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Combating the Grocery Budget…still

By Julie Norman

This is like a never-ending topic! Today on my lunch break I was re-reading some posts from the 100daysofrealfood website.  After the basic 100 Days of Real Food challenge they did 100 Days of Real Food on a budget. On Day 3 the author says, "Since everyone obviously knows the pros of “budgeting” I thought I would share some of the cons I have observed so far…

You can’t stock up or buy things on an impulse (just in case you might need them) without going over budget, which means you have to go to the store more often.
You may end up with a lot less variety in your diet since you have to stick to the cheap stuff (like the lovely banana pictured above).
You might be forced to become a vegetarian."  (http://www.100daysofrealfood.com/2010/10/07/budget-day-3-sacrifices/)
 

She's exactly right and this is where I fail every time!  (Though I just added up everything for July and it turns out I only spent an average of $105 a week!).  It's definitely hard, if you have a budget, to take advantage of sales on 32 oz blocks of mozarella cheese.  You know by looking at the unit price that it's cheaper overall, but you also know it's going to kill that $100 budget for the week.  Usually I just remind myself that in the long run I'm still saving money even if during this particular week it doesn't seem like it. 

It's the same with the clearance bins.  If I find tuna steaks, alaskan salmon or any kind of scallops (farm raised scallops are ok in case you didn't know) for 50% off, I'm buying them. I'm BUYING THEM. Fish is great for you and really you can't beat that price. I take these home (along with 50% or 30% off organic chicken tenders, breasts, thighs, etc) and put them in the freezer.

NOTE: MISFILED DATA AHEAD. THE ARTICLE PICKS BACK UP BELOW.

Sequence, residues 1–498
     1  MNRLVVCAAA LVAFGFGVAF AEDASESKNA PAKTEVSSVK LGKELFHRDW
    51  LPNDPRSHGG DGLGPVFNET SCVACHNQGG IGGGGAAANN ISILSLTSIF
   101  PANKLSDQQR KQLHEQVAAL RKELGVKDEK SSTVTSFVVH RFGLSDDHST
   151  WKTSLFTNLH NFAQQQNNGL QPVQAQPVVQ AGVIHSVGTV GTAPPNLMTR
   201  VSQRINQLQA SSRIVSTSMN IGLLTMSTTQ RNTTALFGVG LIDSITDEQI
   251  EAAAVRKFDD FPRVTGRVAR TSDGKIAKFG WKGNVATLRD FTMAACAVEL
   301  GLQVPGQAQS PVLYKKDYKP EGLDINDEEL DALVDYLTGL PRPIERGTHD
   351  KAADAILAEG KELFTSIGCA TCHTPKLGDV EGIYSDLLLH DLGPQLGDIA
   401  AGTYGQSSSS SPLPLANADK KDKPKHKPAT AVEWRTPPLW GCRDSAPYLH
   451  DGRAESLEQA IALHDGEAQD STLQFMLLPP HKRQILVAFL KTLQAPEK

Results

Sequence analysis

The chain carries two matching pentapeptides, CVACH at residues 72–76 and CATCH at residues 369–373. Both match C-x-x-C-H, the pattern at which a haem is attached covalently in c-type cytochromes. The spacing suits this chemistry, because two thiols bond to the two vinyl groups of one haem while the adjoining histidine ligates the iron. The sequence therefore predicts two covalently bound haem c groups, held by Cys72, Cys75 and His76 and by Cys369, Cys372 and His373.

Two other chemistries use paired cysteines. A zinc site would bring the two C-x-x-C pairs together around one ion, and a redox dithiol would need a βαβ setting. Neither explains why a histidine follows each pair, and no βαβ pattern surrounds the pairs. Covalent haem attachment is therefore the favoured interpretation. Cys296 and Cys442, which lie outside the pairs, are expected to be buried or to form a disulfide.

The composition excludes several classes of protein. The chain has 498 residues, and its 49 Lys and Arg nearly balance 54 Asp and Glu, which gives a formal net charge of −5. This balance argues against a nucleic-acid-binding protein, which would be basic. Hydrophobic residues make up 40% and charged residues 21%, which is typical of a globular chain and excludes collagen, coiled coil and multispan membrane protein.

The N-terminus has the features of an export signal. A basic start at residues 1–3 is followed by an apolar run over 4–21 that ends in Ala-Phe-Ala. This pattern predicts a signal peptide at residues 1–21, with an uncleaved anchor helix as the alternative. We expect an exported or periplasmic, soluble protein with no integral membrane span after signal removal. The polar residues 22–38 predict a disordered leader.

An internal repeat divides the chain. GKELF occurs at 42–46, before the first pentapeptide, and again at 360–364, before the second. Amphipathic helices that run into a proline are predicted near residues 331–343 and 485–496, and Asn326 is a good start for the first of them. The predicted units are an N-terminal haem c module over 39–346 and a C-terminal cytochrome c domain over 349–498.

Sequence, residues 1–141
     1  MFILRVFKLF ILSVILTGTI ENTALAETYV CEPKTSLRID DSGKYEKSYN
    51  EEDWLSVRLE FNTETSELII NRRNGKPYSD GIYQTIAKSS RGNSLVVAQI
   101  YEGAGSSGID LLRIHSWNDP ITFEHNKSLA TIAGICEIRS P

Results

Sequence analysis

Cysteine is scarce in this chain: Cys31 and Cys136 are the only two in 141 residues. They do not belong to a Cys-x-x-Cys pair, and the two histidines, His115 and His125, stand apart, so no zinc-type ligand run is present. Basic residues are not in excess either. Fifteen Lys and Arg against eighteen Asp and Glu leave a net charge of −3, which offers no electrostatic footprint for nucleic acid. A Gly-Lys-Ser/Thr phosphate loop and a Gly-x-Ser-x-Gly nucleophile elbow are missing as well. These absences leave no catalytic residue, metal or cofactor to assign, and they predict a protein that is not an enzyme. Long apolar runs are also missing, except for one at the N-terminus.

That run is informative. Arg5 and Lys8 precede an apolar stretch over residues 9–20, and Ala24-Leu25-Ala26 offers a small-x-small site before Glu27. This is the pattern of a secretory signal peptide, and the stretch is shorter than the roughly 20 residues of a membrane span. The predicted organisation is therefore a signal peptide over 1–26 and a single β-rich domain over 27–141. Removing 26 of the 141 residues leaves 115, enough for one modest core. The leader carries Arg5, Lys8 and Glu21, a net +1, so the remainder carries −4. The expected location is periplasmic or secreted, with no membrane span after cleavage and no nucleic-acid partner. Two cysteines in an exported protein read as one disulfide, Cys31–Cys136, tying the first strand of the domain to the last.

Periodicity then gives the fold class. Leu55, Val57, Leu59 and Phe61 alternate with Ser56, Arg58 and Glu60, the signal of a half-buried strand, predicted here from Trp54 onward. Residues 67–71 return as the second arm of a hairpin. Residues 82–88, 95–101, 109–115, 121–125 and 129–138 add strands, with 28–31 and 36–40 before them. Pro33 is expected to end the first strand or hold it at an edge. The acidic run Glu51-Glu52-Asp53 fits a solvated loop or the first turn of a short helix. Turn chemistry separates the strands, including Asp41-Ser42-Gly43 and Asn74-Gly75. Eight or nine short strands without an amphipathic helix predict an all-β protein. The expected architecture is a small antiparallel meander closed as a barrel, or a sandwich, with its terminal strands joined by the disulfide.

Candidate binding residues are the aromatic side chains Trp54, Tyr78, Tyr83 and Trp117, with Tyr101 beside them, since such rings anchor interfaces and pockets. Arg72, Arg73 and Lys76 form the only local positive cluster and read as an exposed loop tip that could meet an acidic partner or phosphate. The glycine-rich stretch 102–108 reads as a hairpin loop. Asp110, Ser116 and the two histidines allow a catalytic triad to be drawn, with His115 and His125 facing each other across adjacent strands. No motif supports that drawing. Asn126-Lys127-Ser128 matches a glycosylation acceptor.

But back to the budget.  Last month I managed one week where I only spent $85 and that's what saved me for the month.  If anything saves me this month it'll be that my zucchini, tomatoes and such are all coming in in the backyard.  I may not need to buy much produce! (That's the other place I spend all the money). 

So what ways do you have of working on your grocery budget?  What things are non-negotiable and what could you do without?

COMMENTS

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Cheese is non-negotiable in our house. We don’t eat much meat (my mom and husband will have it with tacos or the like), so I feel it’s OK to spend extra on good cheese. Cooking vegetarian has saved us bunches. When we did eat a lot of meat, we would buy a quarter of a cow from local ranchers. It’s so much better and way, way cheaper than grocery store meat (I can’t even stand the smell of grocery story hamburger anymore).




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